Dating vs Marriage: Are Your Employees Committed?
JoshTolan | Gen Y, HR, Millenials| By
It’s been a crazy weekend at the SHRM conference in Atlanta, and for any of you that didn’t get to attend (or like me who didn’t have the chance to actually hear many presenters while there) I’m just now able to check out some of the great presenters and speakers the conference had to offer. One speaker who caught my eye was Malcolm Gladwell, the prolific author of such books as Outliers, The Tipping Point, and Blink. While at SHRM, Gladwel talked about Millennials and what these workers expect from their careers.
It’s a subject often discussed in recruiting circles, but as usual, Gladwell brought an interesting angle to the discussion. He set up the difference between Millennial and older workers in terms of the dating world. While older workers settle in for a longer “marriage” with their careers, Millennials are content to “date” around for a little bit before settling down.
How to Decrease Average Employee Turnover
The numbers certainly bear out this view, especially those showing the average length of a job tends to be about 4.4 years. With the economy on the mend, average employee turnover is high. Greater yet, most workers will hold close to 11 jobs over the course of their lifetime. The time of settling down with a nice job and spending your lives together might be over. Instead younger Millennial employees are more comfortable dating their jobs than making a lifelong commitment.
But is this a bad thing? The conventional wisdom used to tell recruiters not to hire job hoppers. If they seem to be bouncing from job to job, there is probably a reason. Maybe they aren’t committed to their career path or maybe they have larger personality conflicts. Most likely, this view said, you’ll have to rehire soon when the candidate hops from your position. Is this view fair? And can it even be applied to Millennial workers?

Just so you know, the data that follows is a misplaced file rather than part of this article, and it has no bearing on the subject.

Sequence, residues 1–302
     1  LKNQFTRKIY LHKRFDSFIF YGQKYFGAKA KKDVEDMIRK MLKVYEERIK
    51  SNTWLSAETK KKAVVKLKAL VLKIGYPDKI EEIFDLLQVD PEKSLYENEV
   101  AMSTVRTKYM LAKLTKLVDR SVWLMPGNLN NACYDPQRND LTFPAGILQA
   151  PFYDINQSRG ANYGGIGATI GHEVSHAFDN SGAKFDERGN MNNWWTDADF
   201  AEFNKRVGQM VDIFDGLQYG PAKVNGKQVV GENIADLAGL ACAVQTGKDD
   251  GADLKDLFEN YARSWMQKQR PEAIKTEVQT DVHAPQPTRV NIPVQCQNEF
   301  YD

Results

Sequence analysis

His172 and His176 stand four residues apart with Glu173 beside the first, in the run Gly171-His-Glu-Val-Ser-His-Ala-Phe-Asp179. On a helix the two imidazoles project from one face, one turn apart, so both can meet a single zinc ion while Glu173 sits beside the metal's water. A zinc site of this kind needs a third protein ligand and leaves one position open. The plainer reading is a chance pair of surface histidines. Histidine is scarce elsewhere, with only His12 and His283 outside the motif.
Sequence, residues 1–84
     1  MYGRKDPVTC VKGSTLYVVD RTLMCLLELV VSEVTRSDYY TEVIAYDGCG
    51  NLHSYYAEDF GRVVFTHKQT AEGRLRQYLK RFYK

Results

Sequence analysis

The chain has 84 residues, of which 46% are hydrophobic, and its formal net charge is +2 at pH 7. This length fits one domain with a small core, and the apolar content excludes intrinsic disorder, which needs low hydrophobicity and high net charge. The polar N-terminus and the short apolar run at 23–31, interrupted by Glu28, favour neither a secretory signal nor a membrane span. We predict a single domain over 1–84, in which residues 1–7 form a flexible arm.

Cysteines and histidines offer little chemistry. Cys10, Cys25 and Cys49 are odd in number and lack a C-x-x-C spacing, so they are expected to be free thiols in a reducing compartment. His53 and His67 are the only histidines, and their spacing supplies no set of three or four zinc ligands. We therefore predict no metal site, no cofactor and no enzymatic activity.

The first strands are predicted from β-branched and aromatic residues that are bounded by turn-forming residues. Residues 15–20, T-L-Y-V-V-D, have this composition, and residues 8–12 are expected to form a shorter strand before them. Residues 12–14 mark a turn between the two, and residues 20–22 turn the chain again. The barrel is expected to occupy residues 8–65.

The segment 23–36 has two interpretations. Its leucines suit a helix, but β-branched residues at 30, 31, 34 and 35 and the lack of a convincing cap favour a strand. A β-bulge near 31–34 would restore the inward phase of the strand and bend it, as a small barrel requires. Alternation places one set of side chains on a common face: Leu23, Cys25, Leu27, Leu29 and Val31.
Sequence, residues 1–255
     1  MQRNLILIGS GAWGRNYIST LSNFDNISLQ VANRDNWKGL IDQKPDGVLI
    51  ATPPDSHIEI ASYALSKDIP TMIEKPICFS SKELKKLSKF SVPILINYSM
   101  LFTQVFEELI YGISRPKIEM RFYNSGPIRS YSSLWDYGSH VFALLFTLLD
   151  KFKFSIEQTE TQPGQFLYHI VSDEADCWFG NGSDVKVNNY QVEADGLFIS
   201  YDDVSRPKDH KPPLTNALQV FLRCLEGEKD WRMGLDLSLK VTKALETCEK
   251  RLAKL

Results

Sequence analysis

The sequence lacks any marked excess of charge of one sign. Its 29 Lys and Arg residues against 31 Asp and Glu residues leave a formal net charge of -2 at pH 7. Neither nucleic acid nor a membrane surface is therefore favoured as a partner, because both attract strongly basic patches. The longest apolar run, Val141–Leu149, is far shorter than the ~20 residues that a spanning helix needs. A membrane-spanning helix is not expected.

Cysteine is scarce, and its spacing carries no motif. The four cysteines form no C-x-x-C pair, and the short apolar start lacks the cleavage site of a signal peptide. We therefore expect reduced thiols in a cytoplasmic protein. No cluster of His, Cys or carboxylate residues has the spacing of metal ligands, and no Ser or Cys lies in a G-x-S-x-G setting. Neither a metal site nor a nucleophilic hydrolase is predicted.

Contingent Workforce and Dating Their Jobs
Millennial workers might not be ready to put a ring on their jobs, but this might not be the problem it seems. In fact, it might be good! Millennial workers polishing their video resume or hunting the job boards could actually help your company. Companies have been using contingent workforce as a way to lower payroll and employee costs like vacation, and other benefits, unemployment, and severance. For the Milennial workforce, being a contingent worker and employee might be just what the doctor ordered.
How is this good news for your company and its recruitment efforts?
Keeping Employees and Talent Engaged
Job hopping Millennials can force your company to really look at both its recruiting techniques and its company culture. Are you hiring the right people for your open positions? Is your company culture keeping workers engaged and happy? If you want Millennial workers to stay in a relationship with your company, you’ll need to evaluate what you can do better. This will make the company a better place to work for all employees.
Recruiting Generation Y Who Love Challenges
After a certain amount of time in any job, the learning curve begins to flatten. Suddenly you might notice your former superstar employee slacking off or lacking motivation. This is when many employees begin to consider divorcing their job and seeing other companies. If you don’t want to lose your superstars, it’s time to challenge them once more to greatness. Give employees more projects and responsibilities and they will rise to the task. If a Millennial (also known as Generation Y) employee feels like the position is leading them to grow in their chosen industry, they’ll be more likely to stick around.
Replace Humdrum Workers With Enthusiastic Employees
Lastly, if employees have already completed their video interview and application with another company and given their two week notice, there’s still a silver lining. Now you can replace an employee who was disengaged from the workplace with an employee who will be motivated and eager to learn. Sometimes it takes a bit of dating to find the match that can lead to that lasting marriage.
What do you think about Millennial workers “dating” as opposed to “marrying” their jobs? Would you hire a Millennial job hopper? Share in the comments!
Josh Tolan is the CEO of SparkHire, which combines a video job board and online interviewing platform to enrich interaction between job seekers and employers. Connect with him and Spark Hire on Facebook and @sparkhire on Twitter.